It’s an annual tradition in the NBA: Some player who flew under the radar for most of the season steps up big in the playoffs and finals, then gets rewarded with an oversized contract by another team that falls in love with that performance.
Miami’s Mario Chalmers is the leading candidate to be that guy this year.
Chalmers has knocked down big shots in the finals and has defended well on the perimeter. And, he’s a free agent after this season. When asked about that by Hoopsworld, Chalmers gave the standard answer involving family.
“It’s up to everybody,” Chalmers said about his possible return to the HEAT. “I love playing here. I would love to stay here, but, I mean, I’ve got to do what’s best for me and my family.”
Chalmers made $854,389 this past season and while there is a $1.1 million qualifying offer out there according to Sham Sports, Chalmers will get to test the market (whenever the lockout ends).
Chalmers has hit big shots in the playoffs — something he has done since helping Kansas to the national title in college — but during the regular season averaged 6.4 points per game on 39.9 percent shooting. He hit 35.9 percent of his threes, which is by far where most of his shot attempts come from.
Chalmers is a good defender, which matters a lot, but he is not going to give you consistent offense.
But some team always falls in love with these finals performances and overpays.
With so much focus in recent weeks being on NBA players speaking out on social issues, it’s worth remembering that Kareem Abdul-Jabbar has been one of the most vocal athletes in America on these things for decades. The Hall of Fame and all-time leading scorer in NBA history addressed the Democratic National Convention on Thursday evening, urging voters to vote for Hillary Clinton in November, and opened his remarks by introducing himself as Michael Jordan, because “Donald Trump couldn’t tell the difference.”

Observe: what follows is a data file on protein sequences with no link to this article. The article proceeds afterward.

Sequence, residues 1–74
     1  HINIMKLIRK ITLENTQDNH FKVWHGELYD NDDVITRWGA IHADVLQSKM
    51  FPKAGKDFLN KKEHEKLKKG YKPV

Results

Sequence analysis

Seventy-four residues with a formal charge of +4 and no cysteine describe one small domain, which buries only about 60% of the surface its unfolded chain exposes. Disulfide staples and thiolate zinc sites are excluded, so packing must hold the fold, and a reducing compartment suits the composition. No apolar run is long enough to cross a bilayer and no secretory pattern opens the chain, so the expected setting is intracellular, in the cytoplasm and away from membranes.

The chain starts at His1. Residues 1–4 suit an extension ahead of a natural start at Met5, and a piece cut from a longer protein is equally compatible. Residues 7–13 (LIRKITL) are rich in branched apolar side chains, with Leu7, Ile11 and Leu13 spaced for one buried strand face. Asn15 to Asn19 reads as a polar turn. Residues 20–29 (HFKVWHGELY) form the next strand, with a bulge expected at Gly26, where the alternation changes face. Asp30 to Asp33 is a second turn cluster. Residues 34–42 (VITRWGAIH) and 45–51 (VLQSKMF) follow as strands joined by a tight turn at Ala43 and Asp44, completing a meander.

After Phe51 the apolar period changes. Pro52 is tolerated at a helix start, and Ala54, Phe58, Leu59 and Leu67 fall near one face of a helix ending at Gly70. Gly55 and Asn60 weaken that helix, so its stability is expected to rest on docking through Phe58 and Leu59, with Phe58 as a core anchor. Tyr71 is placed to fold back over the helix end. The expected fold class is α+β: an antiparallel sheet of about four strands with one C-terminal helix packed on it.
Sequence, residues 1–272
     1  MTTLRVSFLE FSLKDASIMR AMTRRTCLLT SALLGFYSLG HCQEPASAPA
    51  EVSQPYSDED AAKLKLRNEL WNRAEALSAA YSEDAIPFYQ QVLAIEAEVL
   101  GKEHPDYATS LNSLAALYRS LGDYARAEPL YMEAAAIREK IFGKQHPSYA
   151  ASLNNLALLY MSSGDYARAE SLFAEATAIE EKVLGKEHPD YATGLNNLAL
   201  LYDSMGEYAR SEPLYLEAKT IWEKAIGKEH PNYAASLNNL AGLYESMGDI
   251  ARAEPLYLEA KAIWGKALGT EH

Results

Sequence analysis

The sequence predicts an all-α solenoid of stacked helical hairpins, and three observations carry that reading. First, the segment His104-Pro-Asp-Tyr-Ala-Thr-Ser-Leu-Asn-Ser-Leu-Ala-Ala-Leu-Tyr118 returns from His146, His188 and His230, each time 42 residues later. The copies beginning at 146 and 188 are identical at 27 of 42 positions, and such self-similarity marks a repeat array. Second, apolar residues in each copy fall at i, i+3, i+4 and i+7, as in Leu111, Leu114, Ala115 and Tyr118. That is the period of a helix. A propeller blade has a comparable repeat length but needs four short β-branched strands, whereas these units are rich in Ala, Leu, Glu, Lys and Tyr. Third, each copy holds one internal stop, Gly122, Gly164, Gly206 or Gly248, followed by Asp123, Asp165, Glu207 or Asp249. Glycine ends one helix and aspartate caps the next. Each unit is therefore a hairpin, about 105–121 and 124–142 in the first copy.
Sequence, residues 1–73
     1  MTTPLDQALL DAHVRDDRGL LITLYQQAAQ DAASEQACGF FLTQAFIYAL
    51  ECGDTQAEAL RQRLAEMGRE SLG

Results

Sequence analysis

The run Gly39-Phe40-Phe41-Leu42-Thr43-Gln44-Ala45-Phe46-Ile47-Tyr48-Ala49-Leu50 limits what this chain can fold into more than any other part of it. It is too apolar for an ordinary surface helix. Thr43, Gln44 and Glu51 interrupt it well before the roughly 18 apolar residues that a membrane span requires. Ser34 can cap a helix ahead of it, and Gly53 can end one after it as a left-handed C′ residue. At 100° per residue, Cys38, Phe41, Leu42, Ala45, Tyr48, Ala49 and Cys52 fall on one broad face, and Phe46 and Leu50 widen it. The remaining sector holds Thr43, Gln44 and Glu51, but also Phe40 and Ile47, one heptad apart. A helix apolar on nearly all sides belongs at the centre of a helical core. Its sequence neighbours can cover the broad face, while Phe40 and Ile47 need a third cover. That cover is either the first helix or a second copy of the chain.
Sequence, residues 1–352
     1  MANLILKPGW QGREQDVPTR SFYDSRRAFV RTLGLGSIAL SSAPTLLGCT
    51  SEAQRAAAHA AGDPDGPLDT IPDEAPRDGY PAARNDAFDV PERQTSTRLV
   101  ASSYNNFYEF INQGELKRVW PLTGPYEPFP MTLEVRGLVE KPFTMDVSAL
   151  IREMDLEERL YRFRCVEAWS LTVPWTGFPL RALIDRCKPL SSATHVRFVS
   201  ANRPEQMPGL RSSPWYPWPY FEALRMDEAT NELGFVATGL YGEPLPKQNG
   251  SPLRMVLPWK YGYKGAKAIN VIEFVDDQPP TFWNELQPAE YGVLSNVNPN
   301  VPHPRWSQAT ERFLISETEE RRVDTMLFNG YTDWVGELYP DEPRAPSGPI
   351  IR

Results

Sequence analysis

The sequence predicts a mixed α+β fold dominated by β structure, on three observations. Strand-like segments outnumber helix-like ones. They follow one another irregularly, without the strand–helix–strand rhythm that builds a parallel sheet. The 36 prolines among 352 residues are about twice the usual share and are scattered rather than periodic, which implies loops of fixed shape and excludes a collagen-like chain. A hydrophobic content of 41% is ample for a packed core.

You can watch the video of his speech below:
In the weeks since Kevin Durant announced he was signing with the Golden State Warriors, we have yet to hear Russell Westbrook speak on his former teammate’s decision. This week, ESPN.com’s Royce Young indicated in a podcast interview that Durant was telling Westbrook and others in the days leading up to his decision that he was coming back to Oklahoma City. He later walked back his report, saying he misspoke. On Thursday, Durant himself told The Vertical‘s Shams Charania that he never said any such thing, or misled Westbrook or anyone else about his intentions.
“It’s false,” Durant told The Vertical on Thursday. “I didn’t say that – words about me telling Russell or Nick that I would stay or leave never came out of my mouth. We met as teammates, but no promises came out of it. In this day and age, I can’t control anything people claim out there. Someone can go out and say something random right now, and people will believe it.
“I never told Russell or Nick [Collison], ‘All right, guys, I’m coming back to the Thunder’ – and then a week later, I decide not to. Never happened. I don’t operate like that. I heard people say that story, but it’s not the truth.”
So that settles that.
CHICAGO (AP) The Chicago Bulls have signed guard Spencer Dinwiddie.
The Bulls acquired Dinwiddie in a trade with Detroit last month and waived him three weeks ago. He spent two years with the Pistons and appeared in 12 games last season, averaging 4.8 points and 13.3 minutes.
The Bulls announced the move Thursday.